Ordinary of Newgate Prison:
Ordinary's Accounts: Biographies of Executed Convicts

8th July 1772

About this dataset

Currently Held: Harvard University Library

LL ref: OA177207087207080004

1st July 1772

Locket< no role > was not reported, and the remaining six ordered for execution on the Wednesday following, and were accordingly executed.

Joseph Guyant< no role > This name instance is in set 1428. and Joseph Allpress< no role > were indicted for robbing the mail.

It appeared in the course of their trials, that the post-boy, with one John Thomas< no role > , was near a place called Onsfield , about seven miles from London; when one of the prisoners stopped the horses, and swore that he would blow out his brains (meaning John Thomas< no role > , supposing at first that he was the guard) if he did not alight. After he had alighted the boy was ordered to turn round, and drive in at the gate, and the other was ordered to follow. Afterwards one of the prisoners tied their hands and legs, and promised that he would not hurt a hair of their heads: Inquiring for the key of the mail cart, and finding none, he went away. Soon after the mail-cart was broke open with an axe tempered to cut iron; from whence they took several of the bags; then one of them came back and desired them to sit still till they had loaded the their horses,? and then they would come and release them, and give them five guineas. But this they never performed; for they left them in that situation until day-light, when John Thomas< no role > got himself loose, and untied the post-boy.

It appeared to the Jury, by the evidence of the witnesses called, so clear and satisfactory, that they brought in their verdict, Both guilty.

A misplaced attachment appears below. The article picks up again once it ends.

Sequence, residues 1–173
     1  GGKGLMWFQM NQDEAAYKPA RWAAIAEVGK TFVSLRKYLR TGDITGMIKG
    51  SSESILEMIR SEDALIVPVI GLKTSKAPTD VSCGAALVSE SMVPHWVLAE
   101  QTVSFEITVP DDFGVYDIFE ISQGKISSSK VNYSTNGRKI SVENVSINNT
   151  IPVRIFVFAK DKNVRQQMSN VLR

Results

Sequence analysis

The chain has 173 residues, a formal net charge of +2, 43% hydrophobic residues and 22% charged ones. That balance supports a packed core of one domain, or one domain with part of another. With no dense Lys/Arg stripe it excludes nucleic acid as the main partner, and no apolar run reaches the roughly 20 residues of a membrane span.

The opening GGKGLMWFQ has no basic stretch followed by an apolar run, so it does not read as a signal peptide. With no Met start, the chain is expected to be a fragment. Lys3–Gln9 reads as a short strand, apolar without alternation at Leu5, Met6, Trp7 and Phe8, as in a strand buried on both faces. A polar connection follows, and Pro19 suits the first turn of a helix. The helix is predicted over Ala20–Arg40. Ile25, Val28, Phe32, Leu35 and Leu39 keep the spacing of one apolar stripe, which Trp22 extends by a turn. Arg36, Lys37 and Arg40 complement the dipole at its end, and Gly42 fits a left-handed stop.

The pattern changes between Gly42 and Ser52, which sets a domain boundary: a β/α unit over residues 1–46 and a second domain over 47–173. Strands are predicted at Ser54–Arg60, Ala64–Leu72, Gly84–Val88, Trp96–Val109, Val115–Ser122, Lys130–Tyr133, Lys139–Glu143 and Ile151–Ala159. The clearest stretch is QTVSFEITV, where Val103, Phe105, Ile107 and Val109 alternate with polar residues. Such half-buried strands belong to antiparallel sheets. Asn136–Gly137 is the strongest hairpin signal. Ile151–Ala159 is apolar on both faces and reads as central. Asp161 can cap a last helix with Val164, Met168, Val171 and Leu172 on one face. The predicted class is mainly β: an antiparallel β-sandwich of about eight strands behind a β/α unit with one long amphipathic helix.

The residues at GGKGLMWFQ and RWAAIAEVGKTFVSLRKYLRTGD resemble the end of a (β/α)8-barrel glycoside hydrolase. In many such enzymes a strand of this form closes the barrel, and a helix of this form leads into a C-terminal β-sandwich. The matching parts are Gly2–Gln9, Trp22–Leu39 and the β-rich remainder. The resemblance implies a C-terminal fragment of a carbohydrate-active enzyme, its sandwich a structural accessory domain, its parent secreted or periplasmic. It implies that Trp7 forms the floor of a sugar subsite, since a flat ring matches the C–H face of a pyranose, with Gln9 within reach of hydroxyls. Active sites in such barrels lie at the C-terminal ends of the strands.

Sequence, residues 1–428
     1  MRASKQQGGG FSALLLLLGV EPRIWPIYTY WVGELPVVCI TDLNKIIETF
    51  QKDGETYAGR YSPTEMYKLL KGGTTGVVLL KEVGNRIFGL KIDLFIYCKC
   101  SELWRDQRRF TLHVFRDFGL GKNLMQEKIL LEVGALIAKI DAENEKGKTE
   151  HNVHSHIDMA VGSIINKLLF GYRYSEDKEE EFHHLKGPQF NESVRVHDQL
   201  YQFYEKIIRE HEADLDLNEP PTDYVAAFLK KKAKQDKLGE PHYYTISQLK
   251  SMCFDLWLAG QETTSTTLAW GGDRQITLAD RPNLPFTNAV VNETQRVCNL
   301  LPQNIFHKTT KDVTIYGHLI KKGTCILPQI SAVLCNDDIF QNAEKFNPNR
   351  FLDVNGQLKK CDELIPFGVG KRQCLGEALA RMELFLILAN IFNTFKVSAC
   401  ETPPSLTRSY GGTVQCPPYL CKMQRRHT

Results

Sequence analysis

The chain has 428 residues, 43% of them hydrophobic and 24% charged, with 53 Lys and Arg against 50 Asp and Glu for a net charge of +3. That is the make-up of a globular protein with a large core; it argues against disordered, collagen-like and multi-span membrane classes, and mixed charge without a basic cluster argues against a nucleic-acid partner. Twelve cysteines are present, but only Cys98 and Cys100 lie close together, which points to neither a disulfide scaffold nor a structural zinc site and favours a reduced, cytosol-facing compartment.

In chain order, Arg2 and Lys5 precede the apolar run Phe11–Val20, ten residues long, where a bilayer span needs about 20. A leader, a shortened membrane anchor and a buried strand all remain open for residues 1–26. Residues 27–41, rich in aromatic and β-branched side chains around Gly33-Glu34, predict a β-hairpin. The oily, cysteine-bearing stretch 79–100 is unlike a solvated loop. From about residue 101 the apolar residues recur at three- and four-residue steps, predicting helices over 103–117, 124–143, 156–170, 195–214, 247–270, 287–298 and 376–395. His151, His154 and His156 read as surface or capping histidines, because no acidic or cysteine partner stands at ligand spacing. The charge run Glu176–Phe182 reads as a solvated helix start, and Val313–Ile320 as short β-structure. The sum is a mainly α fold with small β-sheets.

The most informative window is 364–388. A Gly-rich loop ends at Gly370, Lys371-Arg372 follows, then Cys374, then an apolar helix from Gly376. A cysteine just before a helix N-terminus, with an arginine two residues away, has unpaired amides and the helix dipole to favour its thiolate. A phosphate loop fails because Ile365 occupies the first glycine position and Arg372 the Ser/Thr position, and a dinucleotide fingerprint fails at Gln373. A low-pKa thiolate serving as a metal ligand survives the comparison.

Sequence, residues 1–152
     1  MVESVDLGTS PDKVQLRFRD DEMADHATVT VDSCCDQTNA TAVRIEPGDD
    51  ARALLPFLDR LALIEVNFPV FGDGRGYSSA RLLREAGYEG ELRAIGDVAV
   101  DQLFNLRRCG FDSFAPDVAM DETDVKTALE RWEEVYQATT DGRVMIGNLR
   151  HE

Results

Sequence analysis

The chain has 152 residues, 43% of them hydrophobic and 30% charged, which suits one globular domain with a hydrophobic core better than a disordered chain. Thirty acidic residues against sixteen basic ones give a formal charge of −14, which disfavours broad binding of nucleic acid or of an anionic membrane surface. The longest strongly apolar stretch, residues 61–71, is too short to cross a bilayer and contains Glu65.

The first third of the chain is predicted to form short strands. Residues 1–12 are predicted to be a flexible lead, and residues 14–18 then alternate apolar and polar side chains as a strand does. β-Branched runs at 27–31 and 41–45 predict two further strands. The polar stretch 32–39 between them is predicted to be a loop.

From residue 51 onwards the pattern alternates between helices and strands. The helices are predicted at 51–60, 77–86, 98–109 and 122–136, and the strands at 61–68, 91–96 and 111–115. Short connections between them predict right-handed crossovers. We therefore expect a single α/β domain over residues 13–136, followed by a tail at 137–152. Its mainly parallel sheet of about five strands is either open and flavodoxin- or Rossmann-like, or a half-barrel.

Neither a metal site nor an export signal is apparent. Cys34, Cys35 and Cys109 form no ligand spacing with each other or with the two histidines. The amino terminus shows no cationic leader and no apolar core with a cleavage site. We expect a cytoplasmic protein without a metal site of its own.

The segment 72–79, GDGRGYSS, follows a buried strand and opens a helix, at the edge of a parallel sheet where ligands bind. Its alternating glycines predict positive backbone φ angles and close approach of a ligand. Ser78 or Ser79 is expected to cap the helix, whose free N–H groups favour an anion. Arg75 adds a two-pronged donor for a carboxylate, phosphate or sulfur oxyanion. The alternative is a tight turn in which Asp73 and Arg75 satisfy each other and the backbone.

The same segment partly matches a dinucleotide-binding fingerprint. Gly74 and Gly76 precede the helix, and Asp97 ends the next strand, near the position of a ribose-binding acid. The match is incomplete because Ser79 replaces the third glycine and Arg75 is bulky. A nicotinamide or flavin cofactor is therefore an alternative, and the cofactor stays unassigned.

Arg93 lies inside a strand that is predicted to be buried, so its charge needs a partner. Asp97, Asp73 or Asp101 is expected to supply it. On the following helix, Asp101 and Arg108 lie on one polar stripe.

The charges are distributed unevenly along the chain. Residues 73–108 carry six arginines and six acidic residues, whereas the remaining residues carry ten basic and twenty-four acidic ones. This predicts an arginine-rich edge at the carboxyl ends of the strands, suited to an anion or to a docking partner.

1. Joseph Guyant< no role > This name instance is in set 1428. was born in Essex of honest and industrious parents who gave him that education as their circumstances could afford, and afterwards put him an apprentice to a country working-smith . Some time after he settled at Edmonton , near Enfield , as a master in that business, where he married and endeavoured to support his family in an honest way. But he met with a lots, which he looked upon to be the first step that led him to his ruin - He had been receiving money, and as he was returning home, two men met him, tied him to a tree, and robbed him of sixty guineas and an half in gold, eight shillings and six-pence in silver, and nine-pence in copper.

He was soon after arrested for the expences of suing the county for the recovery of his money, and other debts, and became a prisoner in the county goal, and afterwards in the fleet, until he was released. Being reduced to so low an ebb, he began to go out of a night with Allpress, a deer-stealing, and this they continued doing for some time. They agreed to break into the church at Edmonton , which they did; and afterwards committed the fact for which they suffered: These were all the material things that he did acknowledge, though he had been charged with several more; and I do not find, on examination, that any credit can be given to the other charges. Being questioned, What could be the motive of his committing this last robbery? He answered, To pay his debts to the full - and to have money

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